Alexander Skinner Jackson (1905-1946)

An ongoing project to commemorate and research the lives of those who appear on war memorials and rolls of honour in the local area, who served in the military, or whose deaths were linked to conflict.


Alexander Skinner Jackson — known professionally as Alex Jackson — was born on 12 March 1905 at Renton, Dunbartonshire, Scotland, the son of John Jackson.

He married Grace Walpole Skelt on 18 September 1933 at St. Martin, London. They had two children: Alex and Grace.

At the time of the 1939 Register, he was a "football pools specialist" lodging at 23 Holroyd Road, Putney, Wandsworth, London.

He is commemorated on the Huddersfield Town A.F.C. Roll of Honour:

Alexander ‘Alec’ Skinner Jackson arrived at Leeds Road in 1925 as Herbert Chapman’s last signing. Jackson played an important role in Town’s successful 1925-26 title challenge. He also played in the 1928 and 1930 F.A. Cup finals against Blackburn Rovers and Arsenal, respectively. During the Second World War, Jackson fought with Montgomery’s Eighth Army in North Africa. He died in a road accident in 1946 while on active duty and is buried at the Fayid War Cemetery in northern Egypt.


Yorkshire Evening Post (23/Nov/1946):

News of the death in Egypt of Alex Jackson brought vivid recollections of the circumstances in which the late Mr Herbert Chapman “sold” Huddersfield Town to a young football genius who could have had the pick of the leading clubs of the country.

Joining the Aberdeen club on his return home after a disappointing attempt to play Association in the United States, Jackson quickly attracted attention by his brilliant wing play, and Mr. Chapman decided that he must have this rising Scottish star for Town But there were keen rivals, and Jackson with native Scottish caution decided to look round some of the English clubs before making his choice.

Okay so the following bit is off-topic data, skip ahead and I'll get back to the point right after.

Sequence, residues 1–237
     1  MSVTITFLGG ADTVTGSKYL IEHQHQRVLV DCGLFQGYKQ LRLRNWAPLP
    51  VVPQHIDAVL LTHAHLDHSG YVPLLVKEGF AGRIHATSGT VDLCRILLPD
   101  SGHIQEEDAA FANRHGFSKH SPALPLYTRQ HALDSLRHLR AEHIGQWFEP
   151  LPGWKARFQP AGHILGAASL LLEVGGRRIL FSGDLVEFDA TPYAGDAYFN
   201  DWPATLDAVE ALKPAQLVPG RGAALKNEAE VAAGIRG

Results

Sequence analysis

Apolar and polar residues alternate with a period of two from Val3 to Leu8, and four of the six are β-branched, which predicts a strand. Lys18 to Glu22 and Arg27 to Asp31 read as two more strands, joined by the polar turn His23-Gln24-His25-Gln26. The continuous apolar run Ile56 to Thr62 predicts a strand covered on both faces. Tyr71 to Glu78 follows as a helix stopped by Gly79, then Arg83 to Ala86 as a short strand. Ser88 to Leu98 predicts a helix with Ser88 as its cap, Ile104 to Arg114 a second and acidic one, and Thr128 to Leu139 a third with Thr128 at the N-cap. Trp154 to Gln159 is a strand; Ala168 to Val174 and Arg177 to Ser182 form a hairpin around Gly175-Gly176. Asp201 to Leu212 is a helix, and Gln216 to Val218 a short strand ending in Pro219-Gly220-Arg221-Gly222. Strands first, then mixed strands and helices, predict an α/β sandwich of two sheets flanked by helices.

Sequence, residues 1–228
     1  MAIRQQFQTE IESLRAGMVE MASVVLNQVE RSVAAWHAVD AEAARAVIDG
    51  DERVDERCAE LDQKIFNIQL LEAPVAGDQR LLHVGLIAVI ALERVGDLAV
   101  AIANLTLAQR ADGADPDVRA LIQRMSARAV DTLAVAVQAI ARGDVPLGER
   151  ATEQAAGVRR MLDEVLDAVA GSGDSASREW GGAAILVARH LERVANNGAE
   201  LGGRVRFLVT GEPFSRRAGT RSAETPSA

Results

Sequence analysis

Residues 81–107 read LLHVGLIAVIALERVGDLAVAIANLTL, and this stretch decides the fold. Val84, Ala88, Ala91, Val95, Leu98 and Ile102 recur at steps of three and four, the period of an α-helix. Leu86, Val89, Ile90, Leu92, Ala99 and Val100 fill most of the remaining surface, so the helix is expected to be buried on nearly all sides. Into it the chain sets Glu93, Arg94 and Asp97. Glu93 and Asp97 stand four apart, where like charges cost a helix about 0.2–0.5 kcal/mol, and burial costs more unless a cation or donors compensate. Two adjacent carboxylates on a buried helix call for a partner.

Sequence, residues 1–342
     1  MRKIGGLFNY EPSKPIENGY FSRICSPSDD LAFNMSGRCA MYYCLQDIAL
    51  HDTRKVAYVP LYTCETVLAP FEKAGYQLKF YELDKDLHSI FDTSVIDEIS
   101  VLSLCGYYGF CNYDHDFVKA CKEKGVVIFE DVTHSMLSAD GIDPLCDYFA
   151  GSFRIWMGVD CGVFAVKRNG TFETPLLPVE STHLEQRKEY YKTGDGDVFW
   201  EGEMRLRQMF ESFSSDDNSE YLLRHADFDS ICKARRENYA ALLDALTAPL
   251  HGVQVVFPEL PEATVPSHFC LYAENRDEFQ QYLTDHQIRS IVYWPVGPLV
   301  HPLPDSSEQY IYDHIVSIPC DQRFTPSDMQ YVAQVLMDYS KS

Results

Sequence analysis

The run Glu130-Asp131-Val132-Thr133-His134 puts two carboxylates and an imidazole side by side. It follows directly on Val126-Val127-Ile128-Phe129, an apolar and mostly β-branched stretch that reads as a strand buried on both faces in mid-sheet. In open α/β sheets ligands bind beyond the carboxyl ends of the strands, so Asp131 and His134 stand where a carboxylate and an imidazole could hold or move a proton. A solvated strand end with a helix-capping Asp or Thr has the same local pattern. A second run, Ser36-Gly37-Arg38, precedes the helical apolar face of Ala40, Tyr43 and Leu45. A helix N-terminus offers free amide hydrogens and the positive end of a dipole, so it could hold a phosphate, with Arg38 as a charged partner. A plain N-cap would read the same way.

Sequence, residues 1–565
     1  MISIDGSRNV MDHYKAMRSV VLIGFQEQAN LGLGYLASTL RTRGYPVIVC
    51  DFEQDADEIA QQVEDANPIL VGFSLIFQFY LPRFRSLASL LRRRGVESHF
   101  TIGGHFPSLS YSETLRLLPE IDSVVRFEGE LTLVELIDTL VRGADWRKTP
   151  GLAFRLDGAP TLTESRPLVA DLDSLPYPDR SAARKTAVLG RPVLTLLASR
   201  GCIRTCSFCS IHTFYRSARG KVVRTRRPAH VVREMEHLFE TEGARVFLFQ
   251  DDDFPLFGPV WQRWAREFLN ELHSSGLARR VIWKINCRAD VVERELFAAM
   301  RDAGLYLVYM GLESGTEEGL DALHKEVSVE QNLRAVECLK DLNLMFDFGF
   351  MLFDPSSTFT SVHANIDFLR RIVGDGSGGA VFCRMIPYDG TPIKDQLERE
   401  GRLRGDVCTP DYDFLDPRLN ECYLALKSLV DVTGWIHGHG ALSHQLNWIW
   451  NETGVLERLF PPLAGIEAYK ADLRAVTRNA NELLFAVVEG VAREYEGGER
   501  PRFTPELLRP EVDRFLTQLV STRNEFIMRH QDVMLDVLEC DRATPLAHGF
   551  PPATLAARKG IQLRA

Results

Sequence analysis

Mr. Chapman at once invited him to take a look at Huddersfield — and made his plans accordingly. The present writer was enlisted to meet Alex at Leeds railway station when he changed trains on his way to Huddersfield, and with a photographer there was a flashlight interview on the platform, made as impressive as possible. Flashlights at stations were not so common 20 years ago as they have since become.

At Huddersfield, a wealthy friend of the Town club had his chauffeur-driven Rolls waiting for the young player, and Jackson was received into a beautiful house where he was entertained for several days. This bit of showmanship on Mr. Chapman’s part achieved its end, for Alex found things so much to his liking at Huddersfield that he signed on the dotted line at breakfast on the second morning. He never had cause to regret joining Town, for Mr Chapman knew all about looking after his players. The war gave Jackson a big second chance. He was quickly in khaki, and after the Germans had begun to drop bombs on London, he volunteered for bomb disposal — work which then had unknown and fearsome possibilities for sudden death.

Commonwealth War Graves Commission